Saturday, December 31, 2011

The Spotlight Now Belongs To De Aza And Viciedo


No matter what you thought of the trade that sent Carlos Quentin to the San Diego Padres on Friday, it made one thing abundantly clear: the White Sox are ready to see what Alejandro De Aza and Dayan Viciedo can do over the course of a full season.

Which means that the success of the White Sox offense in 2012 will be largely dependent on two players who have 607 Major League plate appearances between them. That's not a terribly low amount, but it's not exactly the largest of sample sizes either.

Still, for the first time in either of their young careers, both De Aza and Viciedo are going to be counted on every day to produce. Which isn't something that we know either can do, and that's a bit scary.

And judging by the way Kenny Williams was talking following the trade, he knows it.

"Listen, we've seen Carlos when he's healthy and when he's on one of his hot streaks, and it's hard to match up to that kind of talent and ability," Kenny told Scott Merkin. "We are not trying to put that sort of pressure on Viciedo."

You don't want to put that pressure on him, but the truth is, if the White Sox are going to contend in the AL Central next season, Viciedo is going to have to.

There's reason to believe that he can, because as we've seen in his limited time with the White Sox, the ball jumps off his bat when he makes contact. What's worrisome, however, is that after hitting .308 with an OPS of .840 with the Sox in 2010, Dayan didn't have the same kind of success in 2011.

In his first game after getting the call up at Seattle on August 28th, Viciedo went 2-for-3 with a homer, a walk and 3 RBI. Then we all sat there and yelled about Kenny not bringing him up sooner. In his first four games he seemed like just what the White Sox offense needed, hitting .538 with an OPS of 1.471.

But then September and his last 25 games of the season came. In that span Viciedo hit only .213, had an OPS of .514, drove in 2 runs and struck out 22 times with only 7 walks. His defense was passable enough, and given the man he was replacing when he did play in right field, it was essentially a wash.

But it won't be his defense that determines his success. Viciedo will need to show that he can make adjustments after adjustments have been made to him. There are no secrets in this sport. Your flaws are exposed on a daily basis.

Not everybody can make those adjustments. Just look at how things have gone for Gordon Beckham since he first joined the White Sox in 2009.

Then there's De Aza, who was a revelation in 2011.

He was essentially Ozzie Guillen's warped view of Juan Pierre as a baseball player, but an actual, living, breathing baseball player. He got on base. He played great defense and he sparked an offense that had been dormant.

Still, as great as De Aza was in 2011, there's no guarantee the same player shows up in 2012. He had 171 plate appearances in 2011, but had only 59 plate appearances in the three years before that.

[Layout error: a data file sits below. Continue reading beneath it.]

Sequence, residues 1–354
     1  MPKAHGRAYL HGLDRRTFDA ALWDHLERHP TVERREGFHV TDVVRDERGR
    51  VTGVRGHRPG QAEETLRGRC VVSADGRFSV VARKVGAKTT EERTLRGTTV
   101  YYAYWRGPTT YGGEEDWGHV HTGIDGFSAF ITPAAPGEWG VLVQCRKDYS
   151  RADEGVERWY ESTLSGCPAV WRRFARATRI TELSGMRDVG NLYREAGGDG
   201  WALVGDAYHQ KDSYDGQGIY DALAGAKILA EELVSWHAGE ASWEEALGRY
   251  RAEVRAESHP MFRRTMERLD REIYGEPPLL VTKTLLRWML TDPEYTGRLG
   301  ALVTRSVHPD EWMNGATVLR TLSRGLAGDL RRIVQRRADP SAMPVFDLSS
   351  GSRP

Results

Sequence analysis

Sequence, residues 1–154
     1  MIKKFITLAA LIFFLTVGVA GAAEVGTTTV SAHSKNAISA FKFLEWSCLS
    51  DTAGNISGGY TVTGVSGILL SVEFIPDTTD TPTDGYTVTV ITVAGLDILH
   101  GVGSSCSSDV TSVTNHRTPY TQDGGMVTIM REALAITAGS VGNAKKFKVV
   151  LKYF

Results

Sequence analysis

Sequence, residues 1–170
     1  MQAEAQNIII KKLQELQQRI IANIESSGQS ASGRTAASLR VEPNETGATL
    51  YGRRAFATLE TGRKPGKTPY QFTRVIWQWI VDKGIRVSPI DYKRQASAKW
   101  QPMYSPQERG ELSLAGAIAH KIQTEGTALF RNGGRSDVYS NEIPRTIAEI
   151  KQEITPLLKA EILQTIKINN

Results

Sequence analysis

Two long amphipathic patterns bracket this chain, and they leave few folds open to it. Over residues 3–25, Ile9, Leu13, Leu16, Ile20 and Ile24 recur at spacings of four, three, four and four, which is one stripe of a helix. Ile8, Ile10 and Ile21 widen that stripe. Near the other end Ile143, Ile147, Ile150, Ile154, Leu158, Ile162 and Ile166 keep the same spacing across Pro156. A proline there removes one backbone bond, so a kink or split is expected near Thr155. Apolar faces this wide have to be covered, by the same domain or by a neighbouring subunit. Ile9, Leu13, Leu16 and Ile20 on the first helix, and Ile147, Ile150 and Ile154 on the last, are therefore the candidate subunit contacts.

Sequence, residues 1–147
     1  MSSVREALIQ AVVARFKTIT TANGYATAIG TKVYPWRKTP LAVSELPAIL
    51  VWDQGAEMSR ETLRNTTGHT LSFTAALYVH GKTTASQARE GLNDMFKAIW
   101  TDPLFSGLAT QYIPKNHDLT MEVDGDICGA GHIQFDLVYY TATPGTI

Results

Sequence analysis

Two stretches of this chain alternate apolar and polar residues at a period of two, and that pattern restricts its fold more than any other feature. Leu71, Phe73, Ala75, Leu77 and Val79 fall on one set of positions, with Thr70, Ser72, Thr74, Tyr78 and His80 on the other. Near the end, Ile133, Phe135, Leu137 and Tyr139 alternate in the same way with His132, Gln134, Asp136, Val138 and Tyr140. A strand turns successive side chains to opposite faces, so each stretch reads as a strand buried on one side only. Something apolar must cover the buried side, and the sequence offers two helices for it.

Much like Viciedo, the tape is out on De Aza now. And also like Viciedo, De Aza's numbers got worse as the year progressed. Before a strong two week stretch to finish the season, De Aza had been hitting .263 in September. Not terrible, but well under the pace he had been hitting at.

Still, even then, we saw him respond well in that final two week stretch, which gives us some reason to be optimistic about whether or not he can adapt.

But at the same time, De Aza is still an outfielder who has battled injuries in his career that didn't make a splash in the big leagues until he was 27 years old. Which means that we should not only be worried about whether or not he can produce for an entire six months, but whether he can stay healthy while doing it.

Fortunately, Kenny seems to know this as well, and while he's putting a lot of faith in Viciedo and De Aza -- Kenny said on Friday that Alejandro will open the spring as the team's lead-off hitter, and it'll be his job to lose -- he also seems to be hedging his bets a bit.

The name Yoenis Cespedes came up again on Friday, and Williams certainly sounded like a man that was poised to make a run at the Cuban import.

“What I will say is there are some doors that are now open for us that were not open yesterday because of the savings of dollars,” Williams said. “But which direction we are heading with that, [talking about it] I think would be counterproductive with us getting something done should we decide to go down that road.”

As I said in my last post about Cespedes here, if the White Sox were truly serious about making a run at him, then Quentin had to go first. Well, the first domino -- DOMINOES! REBUILDING! DOMINOES! -- in that process has fallen.

Cespedes could be a very valuable insurance policy should Viciedo and De Aza not work out, and it's an avenue I'd really like to see the Sox pursue granted the bidding for him doesn't get downright insane.

Still, he's a bigger question mark than either De Aza or Viciedo, and he's not even here yet.

So for now the pressure is on both of the greenhorns. Let's hope they can handle it.

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